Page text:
One prayer in particular has been something that I have been praying for awhile:

“God is feeding me and what I’m praying for is an appetite.” 

When I first read this I thought, “Whoa, now that’s pretty gutsy, Flan.” But then, as I was honest with myself, I realized that these words, this pleading for an appetite was exactly what I needed to be asking for from the Lord. But, before reading this simple sentence, I was scared of the implications of the truth inherent in that statement. Praying for an appetite means that I’m not hungry, and if I’m not hungry than I am doing something wrong.

But reading these words provided for me an embrace of freedom that my fears and insecurities had been fighting off for much too long. I realized:

Even this. Even this I can ask for in His name. 

I can ask for an appetite, I can ask for the strength to love and believe when I don’t want to, I can ask for an impatience for the second-coming because sometimes I am a little too patient for it.

As I attempt to make the daily decision to not drown in a (surprisingly strong) desire to not move forward (and somedays, not even get out of bed,) I will pray these simple prayers, I will worship in their midst, and I will embrace this time of restoration.

Well, I’ll try.

This is a picture of what I get to see when I walk home from the grocery store.  [Chicago, Summer '14]

This is a picture of what I get to see when I walk home from the grocery store.
[Chicago, Summer ’14]

What are you going to do with that?

I was recently asked by one of my professors to defend my English major. This is what I wrote. (Note that I also have a Philosophy major that I love and appreciate very much. But, that wasn’t the assignment. Although I’m pretty sure most of my main points would translate.)

I do not remember the moment I chose to be an English major. It wasn’t a dream I was desperate to accomplish, nor was it a single moment or book or person that inspired me to do so. If anything, when the time came to decide what major to claim, English Literature is the only one that seemed to make sense—although, at the time, I was not even aware of the reasons. With every class, professor, summer reading list, and paper, I discovered more reasons.

By choosing to be an English major, you also choose to subject yourself to the constant curiosity of friends and family that usually comes in the form of questions such as:

“What are you going to do with that?”

“So you are spending four years reading books?”

or “Have fun working at a coffee shop for the rest of your life.”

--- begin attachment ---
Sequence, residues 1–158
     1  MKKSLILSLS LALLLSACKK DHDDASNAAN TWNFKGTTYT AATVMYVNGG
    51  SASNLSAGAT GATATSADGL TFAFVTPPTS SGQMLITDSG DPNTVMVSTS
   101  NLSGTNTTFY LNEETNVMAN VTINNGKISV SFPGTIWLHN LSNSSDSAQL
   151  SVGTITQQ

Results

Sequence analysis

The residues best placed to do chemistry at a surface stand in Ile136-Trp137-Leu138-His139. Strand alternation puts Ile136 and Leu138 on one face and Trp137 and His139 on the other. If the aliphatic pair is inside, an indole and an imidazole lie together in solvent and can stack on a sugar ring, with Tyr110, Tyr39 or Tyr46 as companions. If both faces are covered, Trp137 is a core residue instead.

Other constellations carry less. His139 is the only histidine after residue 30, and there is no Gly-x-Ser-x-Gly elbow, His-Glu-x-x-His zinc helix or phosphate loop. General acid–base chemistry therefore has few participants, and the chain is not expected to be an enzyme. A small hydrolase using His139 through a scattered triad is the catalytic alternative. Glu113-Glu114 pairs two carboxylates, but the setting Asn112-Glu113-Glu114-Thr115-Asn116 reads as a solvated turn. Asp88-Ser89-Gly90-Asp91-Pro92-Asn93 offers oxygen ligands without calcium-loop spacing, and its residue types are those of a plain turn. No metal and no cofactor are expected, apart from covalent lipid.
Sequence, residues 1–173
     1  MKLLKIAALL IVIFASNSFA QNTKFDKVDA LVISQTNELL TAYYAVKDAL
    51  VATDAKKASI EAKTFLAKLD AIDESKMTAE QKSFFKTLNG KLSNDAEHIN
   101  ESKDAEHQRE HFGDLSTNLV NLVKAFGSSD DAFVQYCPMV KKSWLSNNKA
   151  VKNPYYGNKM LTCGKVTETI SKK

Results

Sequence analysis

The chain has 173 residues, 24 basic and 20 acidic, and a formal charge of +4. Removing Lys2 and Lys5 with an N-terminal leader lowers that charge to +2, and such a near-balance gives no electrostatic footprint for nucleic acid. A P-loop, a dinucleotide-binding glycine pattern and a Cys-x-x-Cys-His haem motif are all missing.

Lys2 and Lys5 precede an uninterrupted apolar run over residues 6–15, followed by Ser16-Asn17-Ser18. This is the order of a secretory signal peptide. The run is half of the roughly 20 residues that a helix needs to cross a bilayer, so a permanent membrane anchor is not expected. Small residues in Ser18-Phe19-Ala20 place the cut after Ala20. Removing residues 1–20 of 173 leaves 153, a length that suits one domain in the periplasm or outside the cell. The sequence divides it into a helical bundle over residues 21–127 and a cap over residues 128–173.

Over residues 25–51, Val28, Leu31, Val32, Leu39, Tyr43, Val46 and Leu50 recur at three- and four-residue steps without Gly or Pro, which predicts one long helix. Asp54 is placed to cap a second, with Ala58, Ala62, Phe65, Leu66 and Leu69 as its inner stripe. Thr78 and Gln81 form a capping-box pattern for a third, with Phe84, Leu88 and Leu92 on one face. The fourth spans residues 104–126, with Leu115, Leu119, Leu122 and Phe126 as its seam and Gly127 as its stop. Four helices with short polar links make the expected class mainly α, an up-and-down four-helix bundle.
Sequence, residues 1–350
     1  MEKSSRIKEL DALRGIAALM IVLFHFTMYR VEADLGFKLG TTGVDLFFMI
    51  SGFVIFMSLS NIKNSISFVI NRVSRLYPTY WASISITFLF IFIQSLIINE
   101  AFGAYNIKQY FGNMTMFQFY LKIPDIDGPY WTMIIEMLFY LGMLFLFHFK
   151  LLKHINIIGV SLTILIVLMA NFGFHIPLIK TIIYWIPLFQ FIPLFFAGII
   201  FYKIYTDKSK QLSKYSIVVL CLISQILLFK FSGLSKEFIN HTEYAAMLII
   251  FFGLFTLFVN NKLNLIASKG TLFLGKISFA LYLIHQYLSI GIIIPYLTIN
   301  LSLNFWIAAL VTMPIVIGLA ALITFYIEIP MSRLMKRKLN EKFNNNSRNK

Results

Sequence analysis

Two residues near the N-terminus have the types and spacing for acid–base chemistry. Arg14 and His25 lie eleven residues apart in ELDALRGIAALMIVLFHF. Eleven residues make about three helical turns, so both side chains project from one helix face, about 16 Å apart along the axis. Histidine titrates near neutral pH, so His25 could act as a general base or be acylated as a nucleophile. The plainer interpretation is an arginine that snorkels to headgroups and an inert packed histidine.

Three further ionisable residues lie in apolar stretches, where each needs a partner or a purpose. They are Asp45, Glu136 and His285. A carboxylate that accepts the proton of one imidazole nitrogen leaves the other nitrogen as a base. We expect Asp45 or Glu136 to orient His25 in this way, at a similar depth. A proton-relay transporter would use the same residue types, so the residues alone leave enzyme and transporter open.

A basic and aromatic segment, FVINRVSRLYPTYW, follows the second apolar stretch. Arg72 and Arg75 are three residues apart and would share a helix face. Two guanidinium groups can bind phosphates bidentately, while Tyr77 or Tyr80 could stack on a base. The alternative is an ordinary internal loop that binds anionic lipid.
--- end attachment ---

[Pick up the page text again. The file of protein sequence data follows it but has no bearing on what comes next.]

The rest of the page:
There is an assumed lack of connection between the humanities and vocation, and it is this assumption that has threatened my major into a place of question. So, in defense of my education and dedication to the study of English Literature, I say that I am an English major because I am dedicated to an art form that illuminates some of the essential qualities of what it means to be human. In my pursuit of literature and its function, I have some to realize its role as a sort of bridge between us and this accessible but misunderstood “otherness.” or “middle” place. In his book The Singularity of Literature, Derek Attridge uses a term called “otherness,” which is similar to this idea of a middle place. Attridge writes, “Otherness is not something the would-be creator can simply take hold of, as an idea, a formal possibility, a mathematical equation, lying outside familiar framework.” It’s as if Attridge is suggesting that without literature, we would have no access to this “other” or “middle” place.

In his essay “The Study of Poetry,” Matthew Arnold writes:

“Even if good literature entirely lost currency with the world, it would still be abundantly worthwhile to continue to enjoy it by oneself. But it never will lose currency with the world, in spite of momentary appearances; it will never lose supremacy. Currency and supremacy are insured to it, not indeed by the world’s deliberate and conscious choice, but by something far deeper,– by the instinct of self-preservation in humanity.”

Arnold presents literature as essential to humanity. It is part of the currency of life because it speaks into a place that we all recognize as humans, and its relevance will remain because of the connections it provides between beauty and us.

I have come to see an understanding of beauty as one of the most important and necessary passions in which to dedicate my life. The Victorian writer Walter Pater calls art a sort of necessary companion to lived experience; he writes:

“For art comes to you proposing frankly to give nothing but the highest quality to your moments as they pass, and simply for those moments’ sake.”

Our lives are made up of passing moments in which we feel different variations of unexplainable emotions. When you choose to study literature with Pater’s understanding of art’s relationship to the quality of our moments, you begin to understand literature as essential and unavoidable.

More than ever, because of this overly symbolic transition in my life, I am answering questions about my future. Somedays I answer confidently, and somedays I crack a joke in order to steer the conversation in another direction. In a sea of all these unknowns surrounding the future of my relationships, location, vocation, etc. I am still trying to only live within the time that belongs to me.

So, when asked the question, “What are you going to with an English major?”

I will quietly and confidently reply,

“I hope to live well.”

This winter is brutal, but man is it beautiful.  Lake Geneva, WI 2013

This winter is brutal, but man is it beautiful.
Lake Geneva, WI 2013

A Tribute to a Fish.

I have never been an “animal person.” I didn’t really grow up with pets, and have never really been aware of the proper etiquette in regards to interacting with animals. I don’t want dogs to lick my face, I don’t trust cats, and I have never really felt the desire to have a pet. I’m sure that this is a combination of several things: the fact that the one family dog I can remember was a suicidal greyhound that we rescued from the racing life, my allergy to cats, and the ease at which I get grossed out.